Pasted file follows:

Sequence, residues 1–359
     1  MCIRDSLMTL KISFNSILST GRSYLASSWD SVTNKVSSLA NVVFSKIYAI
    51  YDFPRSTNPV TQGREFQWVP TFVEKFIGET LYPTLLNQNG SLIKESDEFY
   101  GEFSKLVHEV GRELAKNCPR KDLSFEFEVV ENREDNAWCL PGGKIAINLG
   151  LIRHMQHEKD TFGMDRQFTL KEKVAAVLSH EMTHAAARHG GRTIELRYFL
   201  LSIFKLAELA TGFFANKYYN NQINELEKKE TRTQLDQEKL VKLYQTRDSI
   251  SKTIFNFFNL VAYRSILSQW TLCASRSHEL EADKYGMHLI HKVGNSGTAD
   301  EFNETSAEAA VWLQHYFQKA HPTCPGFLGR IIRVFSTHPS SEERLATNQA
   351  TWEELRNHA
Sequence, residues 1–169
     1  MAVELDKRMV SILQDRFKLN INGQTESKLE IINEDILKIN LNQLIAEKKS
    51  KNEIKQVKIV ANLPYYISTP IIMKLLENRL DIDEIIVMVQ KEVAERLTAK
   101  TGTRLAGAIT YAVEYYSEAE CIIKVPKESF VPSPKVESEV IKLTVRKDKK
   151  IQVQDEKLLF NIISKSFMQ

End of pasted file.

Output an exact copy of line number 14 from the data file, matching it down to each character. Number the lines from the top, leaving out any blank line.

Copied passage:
   151  IQVQDEKLLF NIISKSFMQ